chantal stone photography: the blog

April 15, 2006

Book Review:LaPorte, Indiana, by Jason Bitner

Filed under: News — chantal @ 12:33 am

An awkward preteen in a dance costume, a crying baby, a young toddler with white, scuffed walking shoes.

These are images found in Jason Bitner’s Laporte, Indiana.

Jason Bitner, of Found Magazine, makes a living collecting the things we leave behind, and compiling for all to see. Lost love letters, a to-do list, a note from an angry neighbor have all found their way into Bitner’s Found Magazine. This time, instead of gathering the snippets of memories and messages left behind, Bitner has compiled a wonderful collection of lives, a veritable diary of a small American town.

When visiting the small town of LaPorte, IN one afternoon for the LaPorte County Fair, Bitner and a friend stopped for lunch at a local diner called BJ’s American Café, in a building that formerly housed the Muralcraft Studio, owned by Frank and Gladys Pease during the 50’s and 60’s. The Pease’s specialized in children’s portraits, family portraits, engagement announcements, and the like. After Frank Pease’s death in the early 70’s, the photos remained in storage in the building, until the early 90’s, when the owners of the Café discovered the treasure.

Bitner noticed a small display of black and white portraits for sale and asked the waitress about it. She directed him to a small room in the back of the restaurant where thousands of photographs were located. Customers could browse through the boxes to see if there were any recognizable faces, perhaps a family member, an old friend, a long-lost love.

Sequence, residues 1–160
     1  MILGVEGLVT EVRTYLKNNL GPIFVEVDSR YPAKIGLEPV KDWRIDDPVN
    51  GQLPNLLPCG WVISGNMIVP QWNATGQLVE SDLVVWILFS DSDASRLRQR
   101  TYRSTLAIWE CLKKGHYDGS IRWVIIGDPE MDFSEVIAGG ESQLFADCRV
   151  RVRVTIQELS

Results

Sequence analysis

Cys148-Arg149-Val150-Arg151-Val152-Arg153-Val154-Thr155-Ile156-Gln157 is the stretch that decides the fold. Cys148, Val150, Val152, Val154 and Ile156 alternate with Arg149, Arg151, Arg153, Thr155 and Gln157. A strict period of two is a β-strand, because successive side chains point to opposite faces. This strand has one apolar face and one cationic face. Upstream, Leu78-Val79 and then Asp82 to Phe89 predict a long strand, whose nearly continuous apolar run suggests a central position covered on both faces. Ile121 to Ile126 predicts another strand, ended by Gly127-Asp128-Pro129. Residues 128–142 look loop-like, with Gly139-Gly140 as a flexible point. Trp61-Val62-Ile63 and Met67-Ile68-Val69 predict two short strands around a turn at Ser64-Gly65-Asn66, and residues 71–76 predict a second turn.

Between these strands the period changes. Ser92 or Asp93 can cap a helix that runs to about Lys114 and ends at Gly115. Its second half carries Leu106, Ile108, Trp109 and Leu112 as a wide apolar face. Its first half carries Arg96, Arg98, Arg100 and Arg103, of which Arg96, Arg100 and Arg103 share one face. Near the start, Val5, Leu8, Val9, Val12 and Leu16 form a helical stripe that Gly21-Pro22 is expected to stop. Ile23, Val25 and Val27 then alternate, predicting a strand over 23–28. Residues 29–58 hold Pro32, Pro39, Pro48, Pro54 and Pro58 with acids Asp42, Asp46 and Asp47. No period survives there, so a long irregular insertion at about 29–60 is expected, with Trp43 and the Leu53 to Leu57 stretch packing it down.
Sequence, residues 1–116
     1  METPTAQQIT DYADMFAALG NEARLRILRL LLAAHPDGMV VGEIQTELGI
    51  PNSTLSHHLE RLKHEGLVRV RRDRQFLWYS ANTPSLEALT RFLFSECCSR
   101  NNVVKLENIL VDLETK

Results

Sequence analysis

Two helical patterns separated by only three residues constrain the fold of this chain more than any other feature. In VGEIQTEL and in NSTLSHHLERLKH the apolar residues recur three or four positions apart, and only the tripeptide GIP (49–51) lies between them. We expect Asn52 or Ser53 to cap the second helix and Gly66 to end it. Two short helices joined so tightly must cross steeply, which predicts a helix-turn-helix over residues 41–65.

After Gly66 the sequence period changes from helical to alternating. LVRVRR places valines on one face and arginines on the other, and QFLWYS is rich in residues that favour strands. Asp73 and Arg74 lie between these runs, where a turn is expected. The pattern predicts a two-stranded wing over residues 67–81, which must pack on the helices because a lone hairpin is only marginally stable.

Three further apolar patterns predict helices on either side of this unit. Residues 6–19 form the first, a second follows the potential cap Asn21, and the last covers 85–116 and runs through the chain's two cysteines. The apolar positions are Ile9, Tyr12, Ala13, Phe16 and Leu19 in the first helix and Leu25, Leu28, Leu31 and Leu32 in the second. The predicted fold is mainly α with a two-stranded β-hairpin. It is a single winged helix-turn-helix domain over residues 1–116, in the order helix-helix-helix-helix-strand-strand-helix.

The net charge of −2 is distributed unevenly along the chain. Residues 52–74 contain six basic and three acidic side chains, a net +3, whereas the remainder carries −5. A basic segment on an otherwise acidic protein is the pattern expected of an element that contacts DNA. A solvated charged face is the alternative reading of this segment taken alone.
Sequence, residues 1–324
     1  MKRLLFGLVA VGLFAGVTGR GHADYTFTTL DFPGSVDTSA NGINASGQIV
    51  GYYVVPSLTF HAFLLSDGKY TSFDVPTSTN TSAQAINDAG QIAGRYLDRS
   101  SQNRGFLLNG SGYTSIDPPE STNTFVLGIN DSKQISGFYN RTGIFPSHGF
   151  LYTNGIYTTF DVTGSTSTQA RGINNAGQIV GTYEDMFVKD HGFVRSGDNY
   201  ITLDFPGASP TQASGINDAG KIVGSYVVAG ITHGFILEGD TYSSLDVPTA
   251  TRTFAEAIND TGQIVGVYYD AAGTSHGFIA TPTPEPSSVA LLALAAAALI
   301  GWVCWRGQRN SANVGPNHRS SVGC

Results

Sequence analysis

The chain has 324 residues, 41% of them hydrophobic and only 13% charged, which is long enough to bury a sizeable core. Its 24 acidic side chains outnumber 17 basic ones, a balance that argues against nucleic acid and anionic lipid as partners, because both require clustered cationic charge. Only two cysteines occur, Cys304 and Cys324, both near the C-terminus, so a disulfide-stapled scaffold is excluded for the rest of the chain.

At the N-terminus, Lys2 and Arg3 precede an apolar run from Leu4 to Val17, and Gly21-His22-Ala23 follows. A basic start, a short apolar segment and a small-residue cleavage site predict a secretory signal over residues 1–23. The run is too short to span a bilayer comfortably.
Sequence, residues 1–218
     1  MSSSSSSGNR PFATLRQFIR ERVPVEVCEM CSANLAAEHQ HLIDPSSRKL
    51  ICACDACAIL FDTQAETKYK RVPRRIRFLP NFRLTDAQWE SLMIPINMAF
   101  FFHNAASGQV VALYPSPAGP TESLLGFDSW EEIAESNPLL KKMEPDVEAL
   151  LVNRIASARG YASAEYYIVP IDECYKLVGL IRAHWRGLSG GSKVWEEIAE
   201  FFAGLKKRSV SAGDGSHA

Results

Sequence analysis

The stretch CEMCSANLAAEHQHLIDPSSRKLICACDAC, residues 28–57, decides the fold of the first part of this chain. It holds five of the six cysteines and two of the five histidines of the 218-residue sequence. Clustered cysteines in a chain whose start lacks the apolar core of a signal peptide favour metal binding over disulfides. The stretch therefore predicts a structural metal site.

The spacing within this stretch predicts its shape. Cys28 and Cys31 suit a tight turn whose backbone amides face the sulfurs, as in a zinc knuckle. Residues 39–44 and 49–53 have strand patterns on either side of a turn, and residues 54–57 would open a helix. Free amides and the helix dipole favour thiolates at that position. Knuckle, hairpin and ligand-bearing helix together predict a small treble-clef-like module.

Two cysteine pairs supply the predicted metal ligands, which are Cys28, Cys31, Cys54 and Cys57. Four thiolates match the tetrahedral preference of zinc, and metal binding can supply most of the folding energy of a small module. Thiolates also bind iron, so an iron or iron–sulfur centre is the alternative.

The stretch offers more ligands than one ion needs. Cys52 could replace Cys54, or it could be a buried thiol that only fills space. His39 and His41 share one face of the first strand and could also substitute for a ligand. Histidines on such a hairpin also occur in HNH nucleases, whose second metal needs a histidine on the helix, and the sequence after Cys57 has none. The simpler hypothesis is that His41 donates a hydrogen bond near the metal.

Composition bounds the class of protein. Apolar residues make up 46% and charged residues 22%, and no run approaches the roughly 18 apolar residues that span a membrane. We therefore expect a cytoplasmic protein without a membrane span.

Bitner and his friend then spent the next few days going through the photos, collecting the ones they wished to purchase for a the book that would become LaPorte, Indiana.

Cleverly edited and grouped together, glancing at the faces of this book can make one wonder: Who are these people? What were their dreams, and did they ever achieve them? Are they still alive? Did the young man in uniform have to fight in Vietnam? Did the African-American sisters face many hardships there in LaPorte during the civil rights movement?

Often there can be a picture of a child placed next to a familiar looking adult…are they related? A mother and daughter? Or simply a fast-forwarded view of years to come?

Here we have a time capsule, a look back to a time and place where optimism prevailed, when we strove to put a man on the moon, and knew that we could succeed. There are portraits of children in the prime of their innocence, when America was still idealistic, before Vietnam and the turmoil of the civil rights movement, and before the cynicism of today.

More than a collection of old photographs, LaPorte, Indiana has given the world a glimpse into our own collective history. This is bigger than just LaPorte, Indiana…this is America, your family, your neighbors. This book evokes a feeling of nostalgia and holds a piece of all of us back in time, when our collective consciousness told us all things were possible.

Jason Bitner has given us a glorious gift of time standing still.

This review originally appeared on


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